Lemons teams occasionally make even worse decisions than merely showing up. For Dirty Mike & The Boys, that meant buying someone else’s failed project: a Mazda RX-7 with a partially complete Small-Block Chevy V8 swap. The previous owner had gone to great lengths to paint the V8 Oldsmobile gold and, as far as anyone could tell, that was where the modifications and most of the work entirely had ended.
Naturally, completing the swap meant countless hours figuring just what the fresh hell had been done to the poor car. And when they finally got it running and on the track, the engine absolutely nuked itself after 12 laps.
No problem, they had spare 305 of similarly unknown quality. All they had to do was stand outside in the ferocious, unabated downpour while figuring out how to undo all the bad V8 swap bits and make the V8 fit in there. Since they had one of the few paddock spots on the grass at GIngerman, that also meant wheeling the engine hoist around in rutted, nasty mud.
Eventually, after about 28 hours of churning the soil—although they did some of the finer work in their enclosed trailer—and chasing a borrowed (and subsequently broken) canopy that blew away in gale-force winds, the 305 fired up! They managed to roll onto the track in the nick of time for the checkered flag.
I Got Screwed – #20 Shift Heads, Pontiac Grand Prix
The counterpart to the Heroic Fix is the I Got Screwed trophy. Like the overall battle, the fight for the Class C win was uncharacteristically close. Sunday started with the top three in class all within one lap. Late in the day, the Shift Heads Pontiac Grand Prix, which had formerly raced on 940 treadwear tires, was just clinging to a narrow one-lap lead over the Windy Sh***y BMW.
However, a misunderstanding (or perhaps a dive-bomb, depending on your view) in one corner found a faster, heavier car plowing into the Grand Prix’s right-rear wheel. The impact bent the rear suspension and knocked the toe way off. The driver carried on like that for a half-hour, no doubt with a car that handled even worse than a front-heavy W-Body already did. After a spin into the gravel, the team discovered how badly the car was wounded and their potential class win vanished. Screwed!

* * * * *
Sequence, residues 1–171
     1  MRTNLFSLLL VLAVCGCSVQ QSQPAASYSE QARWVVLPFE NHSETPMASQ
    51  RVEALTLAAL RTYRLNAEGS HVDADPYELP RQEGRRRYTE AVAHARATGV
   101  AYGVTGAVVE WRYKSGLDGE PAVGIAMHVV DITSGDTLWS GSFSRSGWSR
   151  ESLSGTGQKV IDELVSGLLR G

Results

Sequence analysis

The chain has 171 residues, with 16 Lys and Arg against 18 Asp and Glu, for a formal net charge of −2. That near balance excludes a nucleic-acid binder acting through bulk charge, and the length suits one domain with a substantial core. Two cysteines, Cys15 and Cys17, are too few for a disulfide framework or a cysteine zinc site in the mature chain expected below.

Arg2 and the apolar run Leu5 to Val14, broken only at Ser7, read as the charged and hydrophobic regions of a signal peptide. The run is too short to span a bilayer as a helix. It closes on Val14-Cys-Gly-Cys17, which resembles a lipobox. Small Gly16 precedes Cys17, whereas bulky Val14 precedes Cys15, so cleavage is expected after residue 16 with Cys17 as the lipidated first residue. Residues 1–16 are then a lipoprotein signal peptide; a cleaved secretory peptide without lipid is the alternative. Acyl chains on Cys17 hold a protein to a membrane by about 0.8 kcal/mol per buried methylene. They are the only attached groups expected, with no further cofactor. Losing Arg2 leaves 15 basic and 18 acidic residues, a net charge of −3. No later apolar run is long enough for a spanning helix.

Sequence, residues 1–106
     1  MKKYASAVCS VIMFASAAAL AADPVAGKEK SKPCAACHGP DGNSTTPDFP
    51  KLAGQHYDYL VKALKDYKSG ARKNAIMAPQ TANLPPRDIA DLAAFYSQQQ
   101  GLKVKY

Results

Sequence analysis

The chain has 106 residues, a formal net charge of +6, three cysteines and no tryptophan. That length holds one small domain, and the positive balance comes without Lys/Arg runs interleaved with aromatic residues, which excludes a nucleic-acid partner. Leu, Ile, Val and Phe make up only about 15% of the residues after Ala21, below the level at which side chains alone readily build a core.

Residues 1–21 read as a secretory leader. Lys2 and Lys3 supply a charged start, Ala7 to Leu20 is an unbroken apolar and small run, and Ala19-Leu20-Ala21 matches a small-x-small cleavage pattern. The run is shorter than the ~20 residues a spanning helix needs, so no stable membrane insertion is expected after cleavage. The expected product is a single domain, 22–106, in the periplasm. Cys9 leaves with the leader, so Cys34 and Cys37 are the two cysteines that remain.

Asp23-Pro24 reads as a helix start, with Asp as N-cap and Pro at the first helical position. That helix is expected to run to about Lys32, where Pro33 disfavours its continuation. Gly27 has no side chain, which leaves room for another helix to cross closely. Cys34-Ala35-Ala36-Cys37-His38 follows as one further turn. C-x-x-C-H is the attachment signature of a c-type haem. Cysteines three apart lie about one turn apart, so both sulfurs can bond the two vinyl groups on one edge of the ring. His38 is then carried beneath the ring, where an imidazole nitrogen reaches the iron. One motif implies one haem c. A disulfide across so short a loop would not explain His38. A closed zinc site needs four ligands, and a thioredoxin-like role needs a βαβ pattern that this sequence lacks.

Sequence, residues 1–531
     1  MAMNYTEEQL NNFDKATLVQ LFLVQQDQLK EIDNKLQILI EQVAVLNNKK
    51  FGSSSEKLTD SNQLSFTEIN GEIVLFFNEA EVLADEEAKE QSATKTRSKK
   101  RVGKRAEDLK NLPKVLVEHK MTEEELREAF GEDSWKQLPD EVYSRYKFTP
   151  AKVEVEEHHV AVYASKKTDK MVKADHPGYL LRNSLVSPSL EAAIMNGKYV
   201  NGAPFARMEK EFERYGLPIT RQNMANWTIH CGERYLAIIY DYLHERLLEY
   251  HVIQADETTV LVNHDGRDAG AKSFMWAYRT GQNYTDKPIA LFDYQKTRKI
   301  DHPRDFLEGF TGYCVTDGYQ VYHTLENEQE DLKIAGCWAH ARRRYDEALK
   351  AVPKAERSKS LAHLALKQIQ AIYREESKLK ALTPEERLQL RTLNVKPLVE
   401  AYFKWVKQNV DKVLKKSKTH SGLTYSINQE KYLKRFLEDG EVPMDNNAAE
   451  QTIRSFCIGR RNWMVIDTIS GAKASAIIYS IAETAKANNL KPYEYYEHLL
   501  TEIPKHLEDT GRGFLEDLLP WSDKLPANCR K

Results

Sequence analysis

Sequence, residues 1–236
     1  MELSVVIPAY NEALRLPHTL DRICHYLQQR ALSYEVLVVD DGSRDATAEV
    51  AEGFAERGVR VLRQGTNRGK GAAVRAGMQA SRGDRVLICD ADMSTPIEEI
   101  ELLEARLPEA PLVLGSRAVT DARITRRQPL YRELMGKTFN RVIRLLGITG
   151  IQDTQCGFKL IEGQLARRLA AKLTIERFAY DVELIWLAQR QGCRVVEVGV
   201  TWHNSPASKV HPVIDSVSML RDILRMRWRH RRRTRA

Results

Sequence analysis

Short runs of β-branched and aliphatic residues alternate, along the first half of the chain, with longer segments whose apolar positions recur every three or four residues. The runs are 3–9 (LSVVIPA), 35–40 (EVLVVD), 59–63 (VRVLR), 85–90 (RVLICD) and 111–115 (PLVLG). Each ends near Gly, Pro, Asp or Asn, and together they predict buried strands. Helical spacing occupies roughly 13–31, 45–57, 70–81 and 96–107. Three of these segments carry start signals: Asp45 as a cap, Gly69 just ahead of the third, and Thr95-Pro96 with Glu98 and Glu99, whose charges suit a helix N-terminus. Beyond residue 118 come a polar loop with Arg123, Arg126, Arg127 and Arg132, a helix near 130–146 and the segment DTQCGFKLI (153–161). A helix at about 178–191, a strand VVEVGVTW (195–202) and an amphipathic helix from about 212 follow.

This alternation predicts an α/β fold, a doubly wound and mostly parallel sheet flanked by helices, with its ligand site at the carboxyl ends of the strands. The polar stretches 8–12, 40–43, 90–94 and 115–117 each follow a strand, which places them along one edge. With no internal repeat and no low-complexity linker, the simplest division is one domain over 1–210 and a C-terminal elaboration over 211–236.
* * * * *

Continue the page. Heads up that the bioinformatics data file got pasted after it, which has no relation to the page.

Seriously, WTF? Award – #1 Petrosexual, Mazda Miata
The Lemons Supreme Court receives a number of bizarre bribes from time to time, but nothing was quite so weird as a bag of Spaghettios from the Petrosexuals team as the 2016 Gingerman race. The team had little to offer by way of explanation at the time other than “It seemed like a good idea at the time.” This year, they upped the ante with an inexplicable penguin costume and a thrift-store satchel full of the noxious Chef Boyardee canned pasta.
Since every race brings out an event-specific award, the Petrosexuals and their Geo-Metro-“hardtop” Mazda Miata won the first-ever “Seriously, WTF? Award.” We hope that’s the end of Spaghettios, but we should probably know better by now.
Judge’s Choice – #13 Monkey Paw Racing, Opel GT
Only brave teams take any $500 Opel GT to go racing. Not only did Monkey Paw Racing bring a $500 Opel, they also didn’t find it from some rust-free locale like West Texas or California. Nope, they dug it out of a backyard in Calumet City, Illinois, a place where cars—particularly 1970s European imports—seldom lasted more than a four or five before they’ve corroded away.
The team left everything about the car stock and just raced it as-is. It hardly ran perfect, but the 1.9-liter Opel engine ticked most of the weekend. For their bravery in bringing a rust-prone car from an even more rust-prone area, Monkey Paw took home the Judge’s Choice.
Organizer’s Choice – #138 A Quart Low, Honda Del Sol
This crowd-favorite Honda won the I Got Screwed trophy at Lemons’ 10th Anniversary race in 2016 because at any other race, it would have been a slam-dunk for Organizer’s Choice. The Calvin and Hobbes-themed Radio Flyer replica is totally awesome and looked great on the track, but they weren’t racing exactly as they had the previous year.
No, indeed. This time out, they added homebrewed turbocharging. And we mean very homebrewed. There must be about 10 feet of turbo plumbing under the hood, including an enormous intercooler. That’s an impressive feat in a tiny Honda engine bay, as was the eons of turbo lag.
But who cares? Look at how splendid the little red wagon looks on the racetrack?
Index of Effluency – #8 Burnt Rubber Soul Racing, 1981 Imperial
That brings us to the final and most important award, the Index of Effluency. This was an easy pick for Burnt Rubber Soul’s Imperial. Famously bad cars like this are their own theme, but this Ohio team owned it with a Mustang Pace Car (“Impstang”) theme
That included a detailed pre-race checklist for their Mopar…err, Ford? The misidentified Ford also follows their previous car’s theme, the Ford Probe-turned-Trans Am Mercury Cougar.
These guys know how to make a hooptie look good and the rear-facing tachometer remains one of our favorite details.
Not only did it look great, but the Imperial vied for a Class C win in what we of course all know to be a classic endurance racing battle: ‘81 Imperial vs. ‘99 Grand Prix vs. ‘74 BMW 2002 Automatic. Priceless.
The Imperial fell short of a win in the class, but they finished 31st in a 93-car field. For a car built in the dark days of the automotive industry—especially for Chrysler—that’s a fine outcome and a well-deserved IOE.
The 24 Hours of Lemons is back in action this weekend at New Hampshire Motor Speedway for “Halloween Hooptiefest.” You can get more details on that event right here, including spectator information, and you can read more Lemons stories right here on Roadkill.